She is ambivalent, variously calling out for Artemis to kill her and, apparently, considering marrying one of the suitors. When the disguised Odysseus returns, she announces in her long interview with the disguised hero that whoever can string Odysseus's rigid bow and shoot an arrow through twelve axe shafts may have her hand. "For the plot of the Odyssey, of course, her decision is the turning point, the move that makes possible the long-predicted triumph of the returning hero".
There is debate as to whether she is aware that Odysseus is behind the disguise. To Penelope and the suitors' knowledge, Odysseus would easily surpass all in any test of masculine skill. Since Odysseus seems to be the only person who can actually use the bow, it could merely have been another delaying tactic of Penelope's.
When the contest of the bow begins, none of the suitors is able to string the bow, but Odysseus does, and wins the contest. Having done so, he proceeds to slaughter the suitors- Antinous first who he finds drinking from Odysseus' cup - with help from Telemachus, Athena and two servants, Eumaeus the swineherd and Philoetius the cowherd. Odysseus has now revealed himself in all his glory, (with a little makeover by Athena) and it is standard for all to recognize him and be happy. Penelope, however, cannot believe that her husband has really returned—she fears that it is perhaps some god in disguise as Odysseus, as was the case in the story of Alcmene—and tests him by ordering her servant Euryclea to move the bed in their wedding-chamber. Odysseus protests that this cannot be done since he made the bed himself and knows that one of its legs is a living olive tree. Penelope finally accepts that he truly is her husband, a moment that highlights their homophrosyne .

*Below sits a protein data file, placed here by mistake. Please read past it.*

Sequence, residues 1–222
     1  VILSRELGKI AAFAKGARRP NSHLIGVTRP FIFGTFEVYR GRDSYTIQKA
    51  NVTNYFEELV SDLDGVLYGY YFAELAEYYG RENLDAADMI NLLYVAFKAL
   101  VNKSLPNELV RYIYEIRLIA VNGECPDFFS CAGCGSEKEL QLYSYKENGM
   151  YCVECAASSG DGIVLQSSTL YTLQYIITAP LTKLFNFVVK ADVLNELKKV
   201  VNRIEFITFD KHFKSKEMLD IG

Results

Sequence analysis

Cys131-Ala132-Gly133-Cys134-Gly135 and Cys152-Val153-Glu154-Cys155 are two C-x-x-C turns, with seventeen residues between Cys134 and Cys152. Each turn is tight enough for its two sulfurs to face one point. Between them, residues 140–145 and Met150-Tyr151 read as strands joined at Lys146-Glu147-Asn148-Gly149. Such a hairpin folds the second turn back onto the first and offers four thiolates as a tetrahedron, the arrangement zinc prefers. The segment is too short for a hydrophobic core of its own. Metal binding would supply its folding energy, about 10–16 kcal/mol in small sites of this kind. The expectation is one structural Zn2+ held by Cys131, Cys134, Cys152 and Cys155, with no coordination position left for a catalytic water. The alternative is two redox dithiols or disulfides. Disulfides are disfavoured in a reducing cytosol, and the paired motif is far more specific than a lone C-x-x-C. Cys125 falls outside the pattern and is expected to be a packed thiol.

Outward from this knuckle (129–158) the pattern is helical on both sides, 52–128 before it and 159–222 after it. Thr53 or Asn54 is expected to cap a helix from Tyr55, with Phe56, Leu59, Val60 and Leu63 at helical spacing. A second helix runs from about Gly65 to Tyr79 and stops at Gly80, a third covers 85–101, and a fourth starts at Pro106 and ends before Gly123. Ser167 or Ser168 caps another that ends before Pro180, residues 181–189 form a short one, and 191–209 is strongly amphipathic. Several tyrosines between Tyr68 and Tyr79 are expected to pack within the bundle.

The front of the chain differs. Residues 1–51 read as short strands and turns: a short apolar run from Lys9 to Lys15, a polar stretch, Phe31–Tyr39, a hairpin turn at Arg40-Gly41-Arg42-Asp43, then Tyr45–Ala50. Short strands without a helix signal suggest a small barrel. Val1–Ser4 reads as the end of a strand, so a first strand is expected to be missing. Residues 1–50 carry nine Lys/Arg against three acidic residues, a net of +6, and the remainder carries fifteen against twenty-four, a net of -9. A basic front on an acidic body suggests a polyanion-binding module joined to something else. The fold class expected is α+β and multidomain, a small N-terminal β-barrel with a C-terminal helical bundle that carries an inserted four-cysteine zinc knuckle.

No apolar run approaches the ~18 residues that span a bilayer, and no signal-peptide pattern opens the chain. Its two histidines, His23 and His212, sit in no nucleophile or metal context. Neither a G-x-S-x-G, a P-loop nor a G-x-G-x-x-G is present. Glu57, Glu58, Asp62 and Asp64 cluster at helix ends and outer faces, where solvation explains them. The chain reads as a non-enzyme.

In one story of the Epic Cycle, subsequent to Odysseus' death, Penelope marries his son by Circe, Telegonus, with whom she becomes the mother of Italus. Telemachus also marries Circe when Penelope and Telemachus bring Odysseus's body to Aeaea.

Penelope aux pieds d'Ulysse